Budget fine-tunes corporate taxesPosted: March 29, 2012
In 1994, the federal government added class 43.1 (30% declining) to Schedule II of the Income Tax Regulations in order to allow for the depreciation of clean energy and conservation equipment. This was enhanced in 2005 with class 43.2 (50% straight line) for the same equipment that met a higher standard of efficiency.
- Waste-fuelled thermal energy equipment,
- Equipment of a district energy system that uses thermal energy provided by eligible waste-fuelled thermal energy equipment,
- Equipment used to distribute thermal energy primarily generated through waste-fuelled thermal energy equipment,
- Equipment that uses the residual of plants to produce electricity and heat.
In the past, costs incurred to create and develop these systems had to be added to the capital cost of the equipment. Today's budget removes this restriction and intangible project start-up costs will now be fully expensed or, alternatively, passed on to investors using follow-through shares.
Mineral Exploration and Development Tax Credit
Budget 2012 will eliminate the current corporate 10% tax credit available for pre-production mining expenditures. The credit will remain in place for 2012, reduce to 5% for 2013 and disappear entirely in 2013.
Pre-production development expenses will also be phased out, dropping to 7% in 2014, 4% in 2015 and be eliminated in 2016.
Agreements in place as of March 29, 2012, will be applied at the 10% tax credit rate until Dec. 31, 2015.
The AITC currently offers a 10% tax credit for qualifying acquisitions of new buildings and machinery and equipment primarily used in farming, fishing, logging, mining, oil and gas, and manufacturing in the Atlantic provinces. The current rate of 10% will remain until 2014, drop to 5% in 2015 and be eliminated entirely as of Jan. 1, 2016, on qualifying equipment purchased before March 29, 2012.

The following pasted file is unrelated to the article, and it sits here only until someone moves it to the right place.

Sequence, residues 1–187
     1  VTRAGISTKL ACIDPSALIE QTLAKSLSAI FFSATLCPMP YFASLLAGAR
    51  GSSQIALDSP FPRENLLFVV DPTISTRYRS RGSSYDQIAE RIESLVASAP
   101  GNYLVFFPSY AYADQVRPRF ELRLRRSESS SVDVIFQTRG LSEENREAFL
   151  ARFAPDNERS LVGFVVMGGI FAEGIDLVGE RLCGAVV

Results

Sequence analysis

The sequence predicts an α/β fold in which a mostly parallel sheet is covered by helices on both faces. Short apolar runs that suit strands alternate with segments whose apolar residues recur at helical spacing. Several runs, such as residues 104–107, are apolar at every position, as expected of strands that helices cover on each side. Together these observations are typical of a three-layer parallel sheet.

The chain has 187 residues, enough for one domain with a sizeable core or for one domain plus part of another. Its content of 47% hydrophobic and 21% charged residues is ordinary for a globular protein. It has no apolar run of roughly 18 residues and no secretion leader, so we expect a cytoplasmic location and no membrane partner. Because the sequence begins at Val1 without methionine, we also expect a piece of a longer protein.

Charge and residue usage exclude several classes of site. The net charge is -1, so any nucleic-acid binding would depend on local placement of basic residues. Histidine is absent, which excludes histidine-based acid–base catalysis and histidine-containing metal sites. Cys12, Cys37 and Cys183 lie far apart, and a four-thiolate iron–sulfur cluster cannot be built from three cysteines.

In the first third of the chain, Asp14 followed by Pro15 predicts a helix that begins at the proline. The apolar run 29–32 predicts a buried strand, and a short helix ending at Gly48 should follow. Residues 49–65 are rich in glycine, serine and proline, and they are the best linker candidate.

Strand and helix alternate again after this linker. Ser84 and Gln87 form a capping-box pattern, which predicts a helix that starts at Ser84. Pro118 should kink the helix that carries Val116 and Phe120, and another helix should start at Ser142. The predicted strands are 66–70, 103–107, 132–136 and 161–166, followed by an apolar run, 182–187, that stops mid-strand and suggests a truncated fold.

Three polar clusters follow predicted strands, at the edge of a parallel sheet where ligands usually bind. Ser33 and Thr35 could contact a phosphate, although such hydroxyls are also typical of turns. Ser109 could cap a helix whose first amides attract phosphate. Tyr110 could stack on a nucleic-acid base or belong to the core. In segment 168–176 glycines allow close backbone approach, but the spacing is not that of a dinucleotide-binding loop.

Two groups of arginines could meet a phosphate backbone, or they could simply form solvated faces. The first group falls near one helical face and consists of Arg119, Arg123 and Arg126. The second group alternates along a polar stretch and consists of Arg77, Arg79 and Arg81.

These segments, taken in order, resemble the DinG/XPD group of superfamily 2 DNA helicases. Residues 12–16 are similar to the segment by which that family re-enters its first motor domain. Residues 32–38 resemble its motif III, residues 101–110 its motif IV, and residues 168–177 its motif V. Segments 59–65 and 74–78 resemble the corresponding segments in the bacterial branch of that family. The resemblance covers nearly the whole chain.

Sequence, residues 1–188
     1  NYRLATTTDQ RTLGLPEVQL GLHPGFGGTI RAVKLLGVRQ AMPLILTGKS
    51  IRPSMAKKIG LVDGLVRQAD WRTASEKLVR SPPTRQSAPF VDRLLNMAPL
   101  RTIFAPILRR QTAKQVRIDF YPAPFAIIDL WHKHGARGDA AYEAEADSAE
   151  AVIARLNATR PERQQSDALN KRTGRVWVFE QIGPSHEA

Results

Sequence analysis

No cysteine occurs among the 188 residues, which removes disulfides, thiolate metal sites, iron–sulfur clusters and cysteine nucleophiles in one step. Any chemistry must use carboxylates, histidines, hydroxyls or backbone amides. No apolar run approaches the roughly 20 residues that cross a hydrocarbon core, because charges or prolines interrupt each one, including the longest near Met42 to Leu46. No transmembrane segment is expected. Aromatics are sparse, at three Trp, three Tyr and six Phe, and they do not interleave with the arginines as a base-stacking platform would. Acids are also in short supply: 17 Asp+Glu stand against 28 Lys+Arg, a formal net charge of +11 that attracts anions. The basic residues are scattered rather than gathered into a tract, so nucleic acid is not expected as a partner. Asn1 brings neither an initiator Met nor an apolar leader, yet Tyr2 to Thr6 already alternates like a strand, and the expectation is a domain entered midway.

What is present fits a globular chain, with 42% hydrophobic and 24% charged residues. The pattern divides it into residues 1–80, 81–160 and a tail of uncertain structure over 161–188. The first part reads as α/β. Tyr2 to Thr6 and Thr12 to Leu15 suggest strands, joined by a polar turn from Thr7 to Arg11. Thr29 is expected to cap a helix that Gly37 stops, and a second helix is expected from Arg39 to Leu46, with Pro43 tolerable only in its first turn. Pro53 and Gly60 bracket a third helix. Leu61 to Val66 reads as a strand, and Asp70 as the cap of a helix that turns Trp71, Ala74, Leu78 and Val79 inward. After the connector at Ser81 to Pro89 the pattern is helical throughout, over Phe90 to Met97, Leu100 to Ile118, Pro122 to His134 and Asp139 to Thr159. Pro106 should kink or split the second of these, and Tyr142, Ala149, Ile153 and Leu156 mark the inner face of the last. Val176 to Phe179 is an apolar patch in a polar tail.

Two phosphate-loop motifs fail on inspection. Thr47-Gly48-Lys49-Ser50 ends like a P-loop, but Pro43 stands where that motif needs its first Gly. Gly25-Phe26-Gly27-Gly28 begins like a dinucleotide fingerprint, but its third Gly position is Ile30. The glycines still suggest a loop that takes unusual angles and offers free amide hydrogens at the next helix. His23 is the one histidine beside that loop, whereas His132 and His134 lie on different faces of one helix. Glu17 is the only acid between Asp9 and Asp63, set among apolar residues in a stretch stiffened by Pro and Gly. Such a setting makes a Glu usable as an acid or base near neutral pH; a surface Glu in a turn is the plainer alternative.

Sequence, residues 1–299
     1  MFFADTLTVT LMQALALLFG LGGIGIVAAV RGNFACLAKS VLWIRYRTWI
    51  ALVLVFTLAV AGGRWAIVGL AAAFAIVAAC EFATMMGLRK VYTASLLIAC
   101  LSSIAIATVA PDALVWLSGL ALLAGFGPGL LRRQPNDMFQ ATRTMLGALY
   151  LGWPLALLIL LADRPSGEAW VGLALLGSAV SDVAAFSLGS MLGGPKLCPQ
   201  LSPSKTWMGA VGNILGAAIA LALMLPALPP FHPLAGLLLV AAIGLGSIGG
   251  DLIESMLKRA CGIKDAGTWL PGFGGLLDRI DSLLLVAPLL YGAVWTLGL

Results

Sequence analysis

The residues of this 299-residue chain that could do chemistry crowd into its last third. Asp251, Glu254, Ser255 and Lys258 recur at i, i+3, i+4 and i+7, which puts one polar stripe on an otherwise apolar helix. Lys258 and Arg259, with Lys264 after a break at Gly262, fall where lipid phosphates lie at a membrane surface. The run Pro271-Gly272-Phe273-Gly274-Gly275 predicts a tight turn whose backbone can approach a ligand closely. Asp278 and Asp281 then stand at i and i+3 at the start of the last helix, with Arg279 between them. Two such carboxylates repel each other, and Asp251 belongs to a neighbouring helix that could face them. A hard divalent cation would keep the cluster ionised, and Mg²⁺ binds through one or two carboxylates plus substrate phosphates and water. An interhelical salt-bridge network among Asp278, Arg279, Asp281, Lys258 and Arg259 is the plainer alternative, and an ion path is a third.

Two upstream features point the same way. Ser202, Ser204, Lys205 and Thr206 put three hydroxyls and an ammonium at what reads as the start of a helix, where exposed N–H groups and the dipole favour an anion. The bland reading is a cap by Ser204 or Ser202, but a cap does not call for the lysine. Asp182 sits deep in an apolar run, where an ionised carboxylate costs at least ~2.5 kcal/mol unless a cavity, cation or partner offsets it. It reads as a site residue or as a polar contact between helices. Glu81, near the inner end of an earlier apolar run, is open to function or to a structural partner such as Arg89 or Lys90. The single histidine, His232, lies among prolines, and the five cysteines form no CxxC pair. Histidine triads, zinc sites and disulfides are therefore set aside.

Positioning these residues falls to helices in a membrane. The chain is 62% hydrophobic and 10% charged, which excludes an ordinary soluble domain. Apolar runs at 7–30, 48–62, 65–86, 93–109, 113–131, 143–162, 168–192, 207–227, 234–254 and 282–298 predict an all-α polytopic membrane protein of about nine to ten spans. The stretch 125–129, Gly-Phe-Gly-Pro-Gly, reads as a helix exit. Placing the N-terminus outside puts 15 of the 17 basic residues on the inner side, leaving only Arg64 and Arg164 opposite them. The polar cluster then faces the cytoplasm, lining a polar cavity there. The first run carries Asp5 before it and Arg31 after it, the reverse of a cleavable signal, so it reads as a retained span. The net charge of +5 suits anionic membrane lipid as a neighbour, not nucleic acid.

Investment tax credits are available to Canadian corporations to assist in the cost of qualifying expenditures incurred to innovate and create economic opportunities for Canadian corporations.
Qualifying expenditures are eligible for an Investment Tax Credit of 20%. The credit is further enhanced for Canadian-controlled private corporations (CCPCs) to 35% up to $3 million. Effective Jan. 1, 2013 this credit will be reduced to 15% from 20% and will be pro-rated for yearends that straddle the Jan. 1, 2013 date.
The SR&D tax credit for CCPCs remains unchanged at 35% of the first $3 million.
Certain changes and limitations have also been made to the types of items that qualify as expenditures; as well, the amount of wages that can be included has been reduced. The qualified expenditure pool will be reduced to 60% of eligible expenditure from 65% in 2013, and to 55% in 2014.
Budget 2012 addresses sections 88 and 100 of the Income Tax Act that deal with the General Anti-Avoidance Rules (GAR). Essentially, the budget strengthens rules against liquidating partnerships and increasing the asset value of income-producing assets and the sale to offshore or tax-exempt entities.